Trumpeting the Virtues of Siren Fish Company
So many of us want to eat more fresh seafood.
But finding the freshest, local, sustainable seafood is can be a cumbersome task.
Siren Fish Company makes it easy to do so, though.
The community supported fishery works directly with California and Oregon fishermen so that their fresh catch arrives to you 24 to 48 hours out of the water each week.
Siren has pick-up locations throughout the Bay Area, often at retailers, where you just show up to take possession of your order on the day it is delivered. It also offers home delivery on pre-selected days of the week for an additional modest $3 charge.
You can choose to order a share for two or four (corresponding to how many people it will serve); as well as choose between ordering fillets, whole fish, or “variety” (which can include fillets or shellfish, whole little fish, crustaceans or even sea urchins).
Siren invited me to try a couple deliveries for free to test out their seafood by receiving a share for two (averaging about $23 each week).
Because there is no pick-up site in my area, I had to go with home delivery, which in my case, was scheduled for Wednesdays by 7 a.m.
On Monday, I got a confirmation email, showing me what my delivery would comprise, including a link to Siren’s blog post providing info on who caught the fish and where, as well as recipe suggestions.
If the particular seafood wasn’t something I was keen on, I could log into my account and pick something else instead. I also received an email on Tuesday, reminding me to leave my own cooler with ice packs on my front porch that night since the delivery would be made overnight.
On Wednesday morning, I woke up to find my cooler on my porch safely holding a pound of Black Gill rockfish (valued at $24) caught in Bodega Bay by the F/V Spellbound boat captained by second-generation commercial fisherman Anthony Ferrari.
The blog post noted that of the more than 65 species of rockfish native to the California coast, the Black Gill is considered the tastiest.
That wasn’t hyperbole, as I found out when I cooked it that night. The blog post mentioned the rockfish make for excellent tacos. I was going to do that, but then changed my mind and instead simply steamed the fillets gently with ginger, before pouring a little hot peanut oil over it — Chinese-style. I’m glad I went with that method, because it really allowed me to appreciate the flaky, mild fish. It tasted incredibly clean and fresh, with a natural sweetness to it.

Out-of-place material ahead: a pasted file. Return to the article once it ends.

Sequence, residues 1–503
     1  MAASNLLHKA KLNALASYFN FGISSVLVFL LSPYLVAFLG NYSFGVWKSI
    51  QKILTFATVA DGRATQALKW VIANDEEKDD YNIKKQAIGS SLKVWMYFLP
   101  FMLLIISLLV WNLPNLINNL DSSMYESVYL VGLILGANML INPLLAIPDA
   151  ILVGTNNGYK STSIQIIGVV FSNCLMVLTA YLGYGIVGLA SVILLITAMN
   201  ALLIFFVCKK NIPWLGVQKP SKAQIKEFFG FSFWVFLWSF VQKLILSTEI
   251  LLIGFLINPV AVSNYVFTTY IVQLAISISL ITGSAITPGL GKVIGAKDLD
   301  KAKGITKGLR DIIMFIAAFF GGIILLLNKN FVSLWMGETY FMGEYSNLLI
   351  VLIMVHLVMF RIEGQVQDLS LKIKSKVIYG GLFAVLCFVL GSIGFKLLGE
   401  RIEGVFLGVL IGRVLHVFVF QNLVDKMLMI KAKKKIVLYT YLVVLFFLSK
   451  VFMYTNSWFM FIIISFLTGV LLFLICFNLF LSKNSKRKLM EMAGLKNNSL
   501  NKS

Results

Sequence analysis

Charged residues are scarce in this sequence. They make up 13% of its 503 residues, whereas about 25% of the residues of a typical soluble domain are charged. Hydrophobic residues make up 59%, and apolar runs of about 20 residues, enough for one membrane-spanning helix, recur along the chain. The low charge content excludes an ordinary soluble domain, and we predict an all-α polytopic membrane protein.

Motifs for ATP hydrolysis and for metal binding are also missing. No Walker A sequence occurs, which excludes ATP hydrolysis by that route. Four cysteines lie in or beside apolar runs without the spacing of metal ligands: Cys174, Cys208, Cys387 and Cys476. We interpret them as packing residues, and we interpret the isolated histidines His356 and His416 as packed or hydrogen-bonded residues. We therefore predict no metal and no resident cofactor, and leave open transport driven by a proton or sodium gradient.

The next week, following the same procedures, a pound of California wild King salmon (valued at $28) landed inside the cooler on my porch. It was a gorgeous center-cut piece. For $28, it was such a deal, too. That’s about what a pound would sell for at a farmers market or seafood market, and here I got it so conveniently delivered right to my door to boot. It would be hard to top that.
Caught in the waters offÂ of Fort Bragg, the salmon was pristine, and cooked up beautifully using a New York Times recipe for “Roasted Salmon Glazed with Brown Sugar and Mustard.” The recipe is super easy. It adds a sweet-piquant character to the salmon. But if you want crispy skin, this isn’t the recipe for you.
The week after that, it was two pounds of Manila clams (valued at $25) that arrived, sourced from Dabob Bay, WA, which I cooked with spaghetti.
Because you do get a couple days notice about what will be delivered, you won’t necessarily have to race out to the grocery store at the last minute to get ingredients to go along with your fresh catch. You can plan it out a little more, which I really appreciated.
It’s fun to see what each week’s delivery will bring. No matter what it may be, the freshness and convenience is hard to beat.
FOR FOOD GAL READERS: Use the code “foodgalfish” to sign up for Siren’s CSF delivery, and the $15 membership fee will be waived.